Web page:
How to Throw an At-Home Wedding Even the Old Folks will Love
Total budget: $3,200 — Regrets: Absolutely Zero
The Quick Highlights:
- We bought a house instead of paying for a wedding venue
- We hired a food truck, tents, tables and chairs
- 73 people came and everyone had plenty to eat
- Our color palette was plaid
- Our budget was $3,500 (my dress was gifted) — we came in $300 under
Where to Spend Most of Your Budget:
Food and photography! We decided from the get-go that we wanted a delicious meal with no pre-plated chicken in sight; and lots of heirloom-quality, candid photos to remember it all. Our new hometown was known for Food Truck Fridays so why not bring one to the house? The best part — aside from “The Poodle” (an epic creation of beef hotdog in a French toast bun with green apple slaw and a maple/mustard smear) is zero cleanup. As for the photography, we wanted someone who could capture that vibrant “big family dinner” vibe.
Where to Spend the Least of Your Budget:
Doo-dads, DIYs, and anything that would likely be thrown away. With the exception of custom napkins (after finding ones from my grandparents’ 50th anniversary and Frank’s grandparents’ wedding day, those were a must) we skipped give-aways, color-matched tablewear, and a full bar. We drink beer and whiskey, so that’s what we offered along with tea, lemonade and water — and not one person minded mixing their own drink.
What Is Totally Worth It
Buying our house instead of renting a venue. Along with our parents, we put in major work to clean up “Kudzu Thickets” for the day of. Oh boy, it was stressful; but standing in the middle of the living room after everyone left and feeling our new home filled with all the good vibes and well wishes of those who love us most was priceless. Waking up to each other the morning of, having coffee in our own kitchen, and falling into our own bed that night meant the excitement lingered for weeks after.
Also, having my dress and his vest custom-made. After being body-shamed and budget-shamed for 40+ dresses, I ask Mama if I could have her old dress. We took a roadtrip to Virginia (where she grew up) and watched while her dress was took apart at the seams, chopped off at the knee, and remade into my dream dress. As for Frank, I wanted him to feel like a million bucks, too, and we found a shop that let him pick all the fabrics, the cut, and the buttons for a vest that he’ll want to rewear for ages.
We also created a "memory table" with photos of our grandparents who'd passed away. I added photos of us as kids, lit a big candle, and loved that they were there to greet everyone when they came in the door.
What Is Totally Not Worth It
Worrying about how many people wouldn’t like it. With plaid as our color palette, a food truck, and new takes on most of the traditions we (okay, me) worried that it was going to be “too simple”, “too homemade”, or “not worth the drive”. A month later, people were still calling to tell us how meaningful the ceremony was and how much fun it was to just relax, hang out and get to visit with family they hadn't seen in years!
What Helped Along the Way
Not designating people for particular tasks but taking them up on the offer to help. We fired our day-of coordinator after she chastised us for the “stress-less” motto that we adopted. Skipping the big-ass list of musts and someone shouting orders meant the people we trust just pitched in where they were comfortable and on the day of, the only thing I had to worry about was that I forgot to shower.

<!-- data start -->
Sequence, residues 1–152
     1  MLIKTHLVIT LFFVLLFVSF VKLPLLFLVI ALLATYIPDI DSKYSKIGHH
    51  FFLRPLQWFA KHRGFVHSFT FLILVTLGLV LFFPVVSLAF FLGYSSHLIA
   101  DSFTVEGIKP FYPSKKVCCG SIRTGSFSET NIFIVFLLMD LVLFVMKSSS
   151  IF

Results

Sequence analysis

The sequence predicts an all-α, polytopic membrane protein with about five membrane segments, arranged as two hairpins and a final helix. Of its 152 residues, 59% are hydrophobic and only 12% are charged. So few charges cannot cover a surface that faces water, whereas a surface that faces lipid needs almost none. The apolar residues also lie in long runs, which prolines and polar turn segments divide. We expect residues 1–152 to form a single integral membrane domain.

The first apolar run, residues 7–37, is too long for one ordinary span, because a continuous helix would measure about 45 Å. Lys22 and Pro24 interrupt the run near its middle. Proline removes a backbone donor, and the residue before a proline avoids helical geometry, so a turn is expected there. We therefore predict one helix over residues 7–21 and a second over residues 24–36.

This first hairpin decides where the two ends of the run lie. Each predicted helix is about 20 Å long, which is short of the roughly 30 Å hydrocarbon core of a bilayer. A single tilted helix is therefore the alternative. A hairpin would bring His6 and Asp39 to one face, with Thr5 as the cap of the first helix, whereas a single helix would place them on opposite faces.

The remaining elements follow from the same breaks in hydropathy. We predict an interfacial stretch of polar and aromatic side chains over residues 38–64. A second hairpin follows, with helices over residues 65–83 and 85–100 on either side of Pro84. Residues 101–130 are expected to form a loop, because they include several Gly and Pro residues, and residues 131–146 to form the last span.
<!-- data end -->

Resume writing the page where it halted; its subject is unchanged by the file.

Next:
My Best Advice for Y'all To-Be-Marrieds
About a week beforehand I blurted out, “If they don’t live here, they don’t know what hasn’t been done!” While that was my rationale for not worrying about trying to clean the windows (it’s a Southern thing, y’all!) it became the mantra for the rest of the week. After spending so much time meticulously tracking all the to-dos, it’s easy to forget that no one else has the list. Never apologize for a sink-full of dishes and don’t forget that everyone is just excited to see you.
Our 5 Favorite Wedding Things
1. Cutting our cake in Frank’s woodworking shop — I used a vintage cake server, he used a Sawzall — it was fantastic.
2. Keeping it small so we could visit with and remember everyone that came.
3. Skipping the traditional desserts. Our cake was a yellow butter batter, layered and drizzled with spiced peach puree, and covered with a browned butter bourbon frosting. (Delicious!) Frank requested my Mama’s homemade banana puddin’ and watching her brandish an electric mixer while threatening the meringue before it decided to brown was just hilarious.
4. Finding our dads and all the guys out in the workshop passing around a jar of moonshine and chatting.
5. Hanging out in our pajamas the next day, watching Jusitifed and eating leftover cupcakes before packing for our honeymoon.
Everything Else They Won't Tell You
If it’s done with love it is perfect. My Mama and best friend tag-teamed the desserts, I made all the floral pieces at 3 a.m. with gorgeous blooms from the Whole Foods bulk section, Frank’s parents went all out to whip the yard into shape, and everybody helped fix up the house. Plus, there was more than one jar of moonshine making the rounds. Was it all picture-perfect? Well, yes actually.
There were a lot of financial constraints, family issues and upset for the majority of our 1 1/2 year engagement. A lot of the time it was hard to focus but putting family first is something that’s very important to us both. I’m so grateful to online communites with threads, comments, and articles detailing the raw feels. Knowing that “everyone’s got something going on” makes it more manageable — and it reminds you just how special the people are who do show up to cheer you on into your new lives together.
Good luck and go with love! It's really all you need.